Alzheimer's

[Therapeutic plasmapheresis and experience in Alzheimer's disease].

Rev Neurol. 2010 Mar 16;50 Suppl 5:S5-8.


[Article in Spanish]

Anaya F.

Source

Hospital General Universitario, Gregorio Maranon, 28007 Madrid, Espana. fanaya@senefro.org

Abstract

BACKGROUND AND STUDY DEVELOPMENT: Therapeutic apheresis is a treatment strategy aimed at removing and eliminating from blood those substances that are considered pathogenically responsible for a disease or its clinical manifestations. In a therapeutic plasmapheresis (plasma exchange), a volume of circulating plasma is extracted and usually substituted by a 5% albumin solution or, exceptionally, by fresh plasma. Beta-amyloid peptide (Alphabeta) is the main proteinaceous component of the extracellular senile plaque found in the brain parenchyma involved in memory function.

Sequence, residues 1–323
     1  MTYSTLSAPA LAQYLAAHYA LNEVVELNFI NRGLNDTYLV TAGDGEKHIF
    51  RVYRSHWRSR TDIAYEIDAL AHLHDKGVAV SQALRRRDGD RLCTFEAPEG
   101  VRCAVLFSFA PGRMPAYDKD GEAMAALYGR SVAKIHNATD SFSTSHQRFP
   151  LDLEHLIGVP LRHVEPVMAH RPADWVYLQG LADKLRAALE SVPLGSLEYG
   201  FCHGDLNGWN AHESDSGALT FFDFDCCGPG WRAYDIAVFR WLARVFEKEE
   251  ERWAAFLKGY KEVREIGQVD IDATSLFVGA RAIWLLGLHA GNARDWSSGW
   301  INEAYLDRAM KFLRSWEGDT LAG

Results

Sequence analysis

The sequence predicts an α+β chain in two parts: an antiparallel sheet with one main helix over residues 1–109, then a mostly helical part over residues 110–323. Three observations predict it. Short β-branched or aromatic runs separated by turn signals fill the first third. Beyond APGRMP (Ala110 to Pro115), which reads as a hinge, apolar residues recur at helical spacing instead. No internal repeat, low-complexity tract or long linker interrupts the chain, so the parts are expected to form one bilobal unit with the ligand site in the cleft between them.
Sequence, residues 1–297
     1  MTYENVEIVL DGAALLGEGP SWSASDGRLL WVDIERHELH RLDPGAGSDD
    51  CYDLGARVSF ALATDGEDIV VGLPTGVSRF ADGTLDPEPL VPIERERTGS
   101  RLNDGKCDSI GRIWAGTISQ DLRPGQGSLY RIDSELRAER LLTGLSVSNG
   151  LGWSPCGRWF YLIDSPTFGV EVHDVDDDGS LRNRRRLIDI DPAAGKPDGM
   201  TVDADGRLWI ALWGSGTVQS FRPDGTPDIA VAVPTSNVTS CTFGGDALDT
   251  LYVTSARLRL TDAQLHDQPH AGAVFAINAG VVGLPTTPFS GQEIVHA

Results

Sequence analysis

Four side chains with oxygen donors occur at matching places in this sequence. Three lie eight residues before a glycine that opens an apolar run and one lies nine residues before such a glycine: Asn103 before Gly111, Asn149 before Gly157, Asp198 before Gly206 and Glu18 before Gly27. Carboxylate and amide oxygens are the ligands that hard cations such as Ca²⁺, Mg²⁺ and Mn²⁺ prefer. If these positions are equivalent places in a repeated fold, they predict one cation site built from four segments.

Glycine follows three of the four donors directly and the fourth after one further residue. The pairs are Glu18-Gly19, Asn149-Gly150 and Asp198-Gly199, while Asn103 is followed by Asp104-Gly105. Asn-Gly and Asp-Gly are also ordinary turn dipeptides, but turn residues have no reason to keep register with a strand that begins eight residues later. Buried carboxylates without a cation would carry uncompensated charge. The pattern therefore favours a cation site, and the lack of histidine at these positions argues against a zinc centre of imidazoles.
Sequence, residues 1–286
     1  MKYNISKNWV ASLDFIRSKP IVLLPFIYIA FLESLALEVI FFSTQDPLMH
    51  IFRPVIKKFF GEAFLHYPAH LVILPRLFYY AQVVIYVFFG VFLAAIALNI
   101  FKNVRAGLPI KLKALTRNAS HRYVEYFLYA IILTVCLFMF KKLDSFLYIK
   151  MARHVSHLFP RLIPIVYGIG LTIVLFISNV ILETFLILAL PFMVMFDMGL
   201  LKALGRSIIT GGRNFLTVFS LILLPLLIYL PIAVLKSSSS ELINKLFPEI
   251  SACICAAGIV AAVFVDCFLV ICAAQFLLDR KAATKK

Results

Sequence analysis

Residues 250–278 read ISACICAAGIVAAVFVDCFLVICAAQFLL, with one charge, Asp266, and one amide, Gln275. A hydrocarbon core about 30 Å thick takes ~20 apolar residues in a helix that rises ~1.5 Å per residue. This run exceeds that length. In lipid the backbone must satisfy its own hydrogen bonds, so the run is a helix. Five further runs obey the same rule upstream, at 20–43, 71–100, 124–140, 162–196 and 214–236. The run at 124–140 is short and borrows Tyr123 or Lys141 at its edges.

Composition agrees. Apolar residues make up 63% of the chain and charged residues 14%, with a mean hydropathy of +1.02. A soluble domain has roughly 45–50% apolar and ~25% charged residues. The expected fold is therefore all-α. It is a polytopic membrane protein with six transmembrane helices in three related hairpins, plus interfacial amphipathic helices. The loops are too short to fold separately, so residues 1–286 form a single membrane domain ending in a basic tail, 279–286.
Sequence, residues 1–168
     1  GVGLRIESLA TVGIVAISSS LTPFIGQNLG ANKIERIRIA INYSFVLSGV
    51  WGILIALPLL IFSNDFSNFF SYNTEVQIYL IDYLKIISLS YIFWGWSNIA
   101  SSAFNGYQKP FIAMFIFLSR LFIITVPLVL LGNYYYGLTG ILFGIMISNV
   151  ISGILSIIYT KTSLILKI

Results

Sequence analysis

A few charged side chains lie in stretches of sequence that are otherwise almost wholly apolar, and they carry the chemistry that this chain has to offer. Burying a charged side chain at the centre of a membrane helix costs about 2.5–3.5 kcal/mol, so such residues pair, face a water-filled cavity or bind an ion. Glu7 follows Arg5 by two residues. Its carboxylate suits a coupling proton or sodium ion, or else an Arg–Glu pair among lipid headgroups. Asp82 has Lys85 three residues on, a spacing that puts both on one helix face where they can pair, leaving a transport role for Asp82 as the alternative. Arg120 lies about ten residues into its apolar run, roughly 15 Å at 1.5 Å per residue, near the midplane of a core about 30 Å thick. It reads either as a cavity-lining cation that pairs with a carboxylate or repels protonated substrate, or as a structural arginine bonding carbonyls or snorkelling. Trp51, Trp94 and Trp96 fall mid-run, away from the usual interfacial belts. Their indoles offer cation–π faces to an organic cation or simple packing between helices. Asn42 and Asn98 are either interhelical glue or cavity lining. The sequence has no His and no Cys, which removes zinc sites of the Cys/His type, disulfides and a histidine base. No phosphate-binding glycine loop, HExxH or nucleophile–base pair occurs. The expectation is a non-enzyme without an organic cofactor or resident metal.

Both extracellular senile plaque and neurofibrillar tangles are characteristic of Alzheimer's disease (AD). Considering that 90% of circulanting Alphabeta is linked to albumin, a mobilization of plasma Ass after plasmapheresis could induce a mobilization of brain Alphabeta and, as a consequence, the decline of cognitive functions in AD patients could be prevented. With this objective, a clinical program was developed to investigate the feasibility of plasmapheresis with Human Albumin Grifols 5% in patients with AD. CONCLUSIONS: Plasmapheresis is feasible in this complex patient population in terms of treatment, safety and tolerability. Moreover, a trend towards plasma Alphabeta mobilization associated with an improvement in neuropsychological evaluation was observed.